Health

Whistleblower in Kidney Trafficking Case Found Dead in Mumbai

Sundar Singh Jadhav was duped into giving up his kidney in 2016. He then decided to blow the whistle on the organ racket at Mumbai’s famous Hiranandani hospital.

New Delhi: In 2016, the case of Sundar Singh Jadhav – a 23-year-old who blew the lid off a kidney racket at Mumbai’s famous Hiranandani hospital – had made headlines.

This week, Singh was found dead in a house in Diva, Mumbai. Mumbai Mirror reported that the police found his decomposed body hanging from a ceiling fan. No suicide note was found, but the police has said that financial stress and domestic problems may have led him to taking his life.

Jadhav was a key witness in the Hiranandani organ trafficking case.

Sundar Singh Jadhav

He was also a victim of India’s illegal organ trafficking network and then a whistleblower on the same.

The Hiranandani case was significant – around the same time in Delhi, another organ transplant racket was busted by the police at Delhi’s prominent Apollo hospital. Sushma Swaraj, external affairs ministry, was in coincidentally also at AIIMS in Delhi, waiting for a kidney transplant herself.

The fact that kidney trafficking was happening in big, famous, urban, private hospitals was shocking.

Also read: The Seamy Underbelly of Organ Transplantation in India

Jadhav’s story was covered widely by the Indian and international pressThe Los Angeles Times said that one of the agents refused to pay Jadhav but offered him a clerical job instead. That allowed Jadhav to get a close view of India’s trafficking network and his information became valuable to the police.

Fourteen people were arrested in the Hiranandani case. This included the hospital’s CEO, five doctors, the hospital’s organ transplant coordinator and even a lorry driver from Gujarat. In 2017, five doctors were sent to judicial custody.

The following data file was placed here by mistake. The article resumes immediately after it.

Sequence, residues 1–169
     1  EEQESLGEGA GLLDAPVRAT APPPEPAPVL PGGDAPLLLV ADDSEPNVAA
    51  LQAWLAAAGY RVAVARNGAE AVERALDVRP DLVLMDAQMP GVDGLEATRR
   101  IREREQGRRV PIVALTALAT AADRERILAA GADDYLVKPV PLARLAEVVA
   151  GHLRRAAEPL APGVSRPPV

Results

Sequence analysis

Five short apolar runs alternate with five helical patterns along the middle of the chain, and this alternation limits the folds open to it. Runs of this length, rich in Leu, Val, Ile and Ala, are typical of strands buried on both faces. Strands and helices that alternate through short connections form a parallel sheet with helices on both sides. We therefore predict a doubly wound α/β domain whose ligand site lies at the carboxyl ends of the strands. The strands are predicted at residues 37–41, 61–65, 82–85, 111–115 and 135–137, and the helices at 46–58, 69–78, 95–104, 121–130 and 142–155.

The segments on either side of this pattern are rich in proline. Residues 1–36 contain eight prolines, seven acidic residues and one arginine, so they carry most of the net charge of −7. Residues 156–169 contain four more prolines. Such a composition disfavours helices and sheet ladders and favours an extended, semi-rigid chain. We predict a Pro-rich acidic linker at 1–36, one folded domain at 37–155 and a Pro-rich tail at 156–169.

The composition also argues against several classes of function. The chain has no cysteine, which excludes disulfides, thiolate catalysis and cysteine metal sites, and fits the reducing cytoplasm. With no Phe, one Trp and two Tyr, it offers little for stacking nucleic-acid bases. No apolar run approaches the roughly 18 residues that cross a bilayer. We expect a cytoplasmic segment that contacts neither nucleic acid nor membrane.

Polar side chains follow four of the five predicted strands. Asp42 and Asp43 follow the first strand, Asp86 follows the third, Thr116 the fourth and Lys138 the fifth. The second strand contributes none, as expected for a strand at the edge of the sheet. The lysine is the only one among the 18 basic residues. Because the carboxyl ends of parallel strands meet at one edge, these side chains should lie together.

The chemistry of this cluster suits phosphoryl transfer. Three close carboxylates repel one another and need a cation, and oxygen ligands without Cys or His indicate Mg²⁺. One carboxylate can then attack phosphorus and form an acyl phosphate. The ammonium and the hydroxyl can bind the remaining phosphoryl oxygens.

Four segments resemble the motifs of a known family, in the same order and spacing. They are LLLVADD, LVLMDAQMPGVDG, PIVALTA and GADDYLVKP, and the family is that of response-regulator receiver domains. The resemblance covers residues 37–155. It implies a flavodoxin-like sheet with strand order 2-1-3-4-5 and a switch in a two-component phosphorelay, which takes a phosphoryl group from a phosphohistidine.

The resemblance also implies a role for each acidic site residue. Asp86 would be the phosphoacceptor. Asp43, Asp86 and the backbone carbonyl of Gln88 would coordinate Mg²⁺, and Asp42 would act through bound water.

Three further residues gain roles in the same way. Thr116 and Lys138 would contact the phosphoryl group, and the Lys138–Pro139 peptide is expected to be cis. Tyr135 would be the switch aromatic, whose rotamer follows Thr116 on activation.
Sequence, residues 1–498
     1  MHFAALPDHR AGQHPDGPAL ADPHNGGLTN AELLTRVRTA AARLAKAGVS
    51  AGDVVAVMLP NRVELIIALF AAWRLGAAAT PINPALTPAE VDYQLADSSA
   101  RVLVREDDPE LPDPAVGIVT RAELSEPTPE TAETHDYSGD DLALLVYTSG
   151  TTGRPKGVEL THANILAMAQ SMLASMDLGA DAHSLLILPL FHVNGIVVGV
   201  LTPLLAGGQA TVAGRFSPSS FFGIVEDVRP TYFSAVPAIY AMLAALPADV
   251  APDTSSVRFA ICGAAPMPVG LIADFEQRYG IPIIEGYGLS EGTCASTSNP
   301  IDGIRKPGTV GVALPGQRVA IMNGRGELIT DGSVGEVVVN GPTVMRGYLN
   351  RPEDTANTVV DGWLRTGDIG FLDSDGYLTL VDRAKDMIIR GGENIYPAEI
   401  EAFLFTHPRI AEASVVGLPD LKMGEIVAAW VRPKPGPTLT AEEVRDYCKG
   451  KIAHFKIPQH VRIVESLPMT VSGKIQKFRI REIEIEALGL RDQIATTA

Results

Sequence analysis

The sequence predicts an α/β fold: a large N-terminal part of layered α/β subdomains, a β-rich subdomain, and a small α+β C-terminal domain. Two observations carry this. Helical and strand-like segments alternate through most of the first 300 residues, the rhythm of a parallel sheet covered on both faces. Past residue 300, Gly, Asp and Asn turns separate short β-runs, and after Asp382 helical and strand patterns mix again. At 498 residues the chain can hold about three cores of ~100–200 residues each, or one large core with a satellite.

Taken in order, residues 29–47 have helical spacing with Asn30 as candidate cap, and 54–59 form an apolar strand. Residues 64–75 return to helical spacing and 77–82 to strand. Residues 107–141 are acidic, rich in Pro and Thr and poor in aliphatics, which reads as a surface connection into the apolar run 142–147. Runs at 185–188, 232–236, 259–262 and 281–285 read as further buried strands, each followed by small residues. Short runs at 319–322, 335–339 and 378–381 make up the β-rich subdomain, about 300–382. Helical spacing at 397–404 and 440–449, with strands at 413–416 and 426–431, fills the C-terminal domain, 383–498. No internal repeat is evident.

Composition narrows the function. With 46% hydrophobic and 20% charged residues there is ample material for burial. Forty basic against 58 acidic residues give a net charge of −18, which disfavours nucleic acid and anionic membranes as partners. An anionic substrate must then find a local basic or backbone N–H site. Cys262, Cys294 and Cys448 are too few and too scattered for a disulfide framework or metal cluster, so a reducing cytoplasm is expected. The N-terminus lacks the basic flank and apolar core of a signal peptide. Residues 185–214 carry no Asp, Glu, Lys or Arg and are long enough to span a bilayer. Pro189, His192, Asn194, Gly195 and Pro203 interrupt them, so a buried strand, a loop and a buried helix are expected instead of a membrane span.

The information Jadhav gave the police helped them bust an imminent organ transplant at Hiranandani hospital and that lead to them uncovering the larger operation.

Jadhav was duped into giving up his kidney in 2016. He was 23 and was promised a few lakhs by an agent to give his kidney to a Delhi-based woman. He posed as the woman’s brother as Indian organ donation law only allows close relatives to donate organs to each other and does not allow for money to exchange hands.

Also read: Why Moral Exhortations Alone Will Not Boost Organ Donation in India

Jadhav gave his kidney but he did not get paid in full. He then decided to blow the whistle on the scam. The trail led all the way to the prestigious Hiranandani Hospital in Mumbai.

Jadhav’s health soon tanked. He found walking difficult, lost his appetite and had bouts of dizziness. He said he was receiving threats to his life but said the police were not giving him protection. He soon found himself living on the streets, selling food. He was married and also had two siblings in Uttar Pradesh who were dependent on him, one of whom was mentally challenged.

The Hiranandani organ trafficking case remains unsolved with no convictions of any of the accused.

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